The largest study using the Amplatzer Cardiac Plug (St Jude Medical) for left atrial appendage occlusion has shown a high procedural success rate and favourable outcomes for prevention of atrial fibrillation-related thromboembolism.
Apostolos Tzikas (AHEPA University Hospital, Thessaloniki, Greece) and others have recently reported ahead-of-print in EuroIntervention a 97.3% procedural success rate, a 59% annual reduction rate for prevention of atrial fibrillation-related thromboembolism as compared to the rate predicted by the CHA2DS2-VASc score and a 61% annual reduction in major bleeding events as compared to the rate predicted by the HAS-BLED score. The authors also found that periprocedural major adverse events occurred in 4.97% of the patients.
The multicentre, retrospective, observational study included data from 1,047 consecutive patients (mean age 75±8 years) with non-valvular atrial fibrillation who underwent left atrial appendage occlusion with the Amplatzer Cardiac Plug between December 2008 and November 2013 at 22 centres.
Previous observational studies have demonstrated favourable feasibility and safety results with the Amplatzer Cardiac Plug; the aim of this study, according to Tzikas et al, was to “investigate the safety, feasibility and efficacy of left atrial appendage occlusion with the Amplatzer Cardiac Plug in a real-world patient population with atrial fibrillation.”
The authors report that permanent atrial fibrillation was present in 57% of patients and paroxysmal/permanent in 43%. Thirty nine per cent of patients had a history of stroke. The mean CHA2DS2-VASc was 4.5±1.6 and the expected annual risk for thromboembolism (based on the CHA2DS2-VASc score) was 5.7%. The mean HAS-BLED score was 3.1±1.2.
The main indication for left atrial appendage occlusion therapy was previous major bleeding (47%), followed by high risk for bleeding (35%) and coronary stenting mandating triple therapy (22%). In 16% of patients, one of the indications was a stroke on warfarin (or phenprocoumon). The composite of previous bleeding (major or minor) and high bleeding risk was 73%.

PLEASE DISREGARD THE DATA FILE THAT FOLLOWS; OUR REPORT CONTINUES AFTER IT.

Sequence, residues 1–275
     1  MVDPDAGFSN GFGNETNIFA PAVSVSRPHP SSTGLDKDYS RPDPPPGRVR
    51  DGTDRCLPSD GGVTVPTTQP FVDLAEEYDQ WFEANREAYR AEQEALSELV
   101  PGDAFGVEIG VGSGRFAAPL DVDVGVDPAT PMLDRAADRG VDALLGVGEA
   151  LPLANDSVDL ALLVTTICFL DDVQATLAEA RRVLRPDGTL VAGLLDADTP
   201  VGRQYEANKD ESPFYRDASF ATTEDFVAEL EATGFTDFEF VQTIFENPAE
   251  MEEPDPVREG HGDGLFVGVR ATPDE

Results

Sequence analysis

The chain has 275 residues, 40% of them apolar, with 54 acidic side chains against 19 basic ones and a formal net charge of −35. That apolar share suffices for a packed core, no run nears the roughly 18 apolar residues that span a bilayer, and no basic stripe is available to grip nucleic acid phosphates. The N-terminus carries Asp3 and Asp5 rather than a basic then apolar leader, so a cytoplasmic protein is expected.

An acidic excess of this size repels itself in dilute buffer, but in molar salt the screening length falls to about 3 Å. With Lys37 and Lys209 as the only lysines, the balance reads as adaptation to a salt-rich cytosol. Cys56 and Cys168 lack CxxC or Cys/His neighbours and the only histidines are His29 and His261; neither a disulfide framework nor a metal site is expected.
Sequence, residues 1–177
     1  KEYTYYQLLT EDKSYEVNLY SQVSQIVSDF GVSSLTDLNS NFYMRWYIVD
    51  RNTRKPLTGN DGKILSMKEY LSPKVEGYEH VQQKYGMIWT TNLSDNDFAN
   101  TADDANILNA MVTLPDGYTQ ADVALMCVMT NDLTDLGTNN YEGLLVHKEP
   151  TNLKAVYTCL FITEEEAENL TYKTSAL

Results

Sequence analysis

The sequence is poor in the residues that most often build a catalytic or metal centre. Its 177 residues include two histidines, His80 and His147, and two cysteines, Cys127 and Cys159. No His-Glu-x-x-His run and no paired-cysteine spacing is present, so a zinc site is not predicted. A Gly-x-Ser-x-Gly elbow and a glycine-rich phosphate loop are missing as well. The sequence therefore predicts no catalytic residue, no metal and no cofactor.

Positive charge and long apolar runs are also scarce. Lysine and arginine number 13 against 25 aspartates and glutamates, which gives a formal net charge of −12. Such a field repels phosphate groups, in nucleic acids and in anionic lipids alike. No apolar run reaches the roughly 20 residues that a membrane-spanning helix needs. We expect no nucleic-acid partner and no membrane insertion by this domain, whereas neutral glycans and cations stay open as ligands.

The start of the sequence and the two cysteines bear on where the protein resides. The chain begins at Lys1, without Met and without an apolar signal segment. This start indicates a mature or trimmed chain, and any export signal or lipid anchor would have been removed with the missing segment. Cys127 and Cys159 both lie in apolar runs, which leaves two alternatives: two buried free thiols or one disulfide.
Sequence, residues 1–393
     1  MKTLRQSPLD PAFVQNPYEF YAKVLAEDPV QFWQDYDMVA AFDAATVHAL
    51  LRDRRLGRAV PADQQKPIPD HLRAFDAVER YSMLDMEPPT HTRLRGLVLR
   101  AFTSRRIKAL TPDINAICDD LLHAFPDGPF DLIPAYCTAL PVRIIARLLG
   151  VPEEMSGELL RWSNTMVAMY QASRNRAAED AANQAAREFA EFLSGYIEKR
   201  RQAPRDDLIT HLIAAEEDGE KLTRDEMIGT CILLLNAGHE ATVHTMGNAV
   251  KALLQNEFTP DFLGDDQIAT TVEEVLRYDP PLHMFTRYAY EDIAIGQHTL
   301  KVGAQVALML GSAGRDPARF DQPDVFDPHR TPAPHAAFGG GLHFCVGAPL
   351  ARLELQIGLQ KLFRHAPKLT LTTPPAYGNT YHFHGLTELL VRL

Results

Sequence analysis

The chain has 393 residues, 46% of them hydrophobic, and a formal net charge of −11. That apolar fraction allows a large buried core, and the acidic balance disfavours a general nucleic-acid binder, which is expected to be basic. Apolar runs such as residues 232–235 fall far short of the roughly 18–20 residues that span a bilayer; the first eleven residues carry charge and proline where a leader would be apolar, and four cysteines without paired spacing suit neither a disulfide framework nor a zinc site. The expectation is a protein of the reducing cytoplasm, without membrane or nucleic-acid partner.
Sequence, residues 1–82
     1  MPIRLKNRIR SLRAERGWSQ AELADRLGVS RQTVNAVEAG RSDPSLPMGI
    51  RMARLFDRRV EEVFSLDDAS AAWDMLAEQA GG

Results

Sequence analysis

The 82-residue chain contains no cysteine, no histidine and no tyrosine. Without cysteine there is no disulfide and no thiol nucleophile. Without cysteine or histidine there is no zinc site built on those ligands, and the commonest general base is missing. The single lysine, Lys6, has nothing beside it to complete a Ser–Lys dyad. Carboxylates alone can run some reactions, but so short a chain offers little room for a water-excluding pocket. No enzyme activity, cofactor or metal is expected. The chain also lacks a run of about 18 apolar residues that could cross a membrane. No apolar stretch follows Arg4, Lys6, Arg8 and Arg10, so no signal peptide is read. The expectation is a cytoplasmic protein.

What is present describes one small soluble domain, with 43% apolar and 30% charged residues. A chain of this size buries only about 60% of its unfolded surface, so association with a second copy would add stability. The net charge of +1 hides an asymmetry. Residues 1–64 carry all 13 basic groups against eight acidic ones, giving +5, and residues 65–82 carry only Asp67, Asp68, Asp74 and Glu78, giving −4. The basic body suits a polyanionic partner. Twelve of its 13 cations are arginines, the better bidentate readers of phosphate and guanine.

There were 52 periprocedural major adverse events reported (eight procedure-related deaths, nine strokes and 13 cardiac tamponades). A peri-device leak was found in 11.6% of the patients; however, the authors note that none of these leaks correlated with any adverse events at follow-up.
Clinical follow-up was complete in 98.2% (1,001/1,019) of the successfully implanted patients and they underwent 13-month follow-up, resulting in a total of 1,349 patient years. One-year all-cause mortality was reported as 4.2%, none of the deaths were attributed to the device, Tzikas et al note. The annual rate of systemic thromboembolism was 2.3% (31/1,349 patient-years), which translates into a 59% risk reduction. The authors also report that the annual rate of major bleeding was 2.1% (28/1,349 patient-years), which shows a 61% risk reduction. They also found that fewer cerebral and fewer bleeding events were seen in patients with single left atrial appendage occlusion on aspirin monotherapy or no therapy and longer follow-up.
“This study reflects the results of left atrial appendage occlusion performed by physicians with different levels of experience and includes every case. In view of this, and taking into account that left atrial appendage occlusion is quite a demanding procedure, the overall success rate is remarkable. One possible reason may be that the Amplatzer Cardiac Plug design, which allows for proximal left atrial appendage avoiding the challenging anatomic variations of left atrial appendage distal parts,” the authors write.
“It should be underlined that well-designed registries and further randomised studies are mandatory in order for left atrial appendage occlusion to be offered to the right patients, meeting the requirements of evidence-based clinical practice,” Tzikas et al conclude.
Tzikas told Cardiac Rhythm News that the treated population in this study is the first large scale representation of what has been documented on the European Society of Cardiology (ESC) atrial fibrillation management guidelines on left atrial appendage occlusion.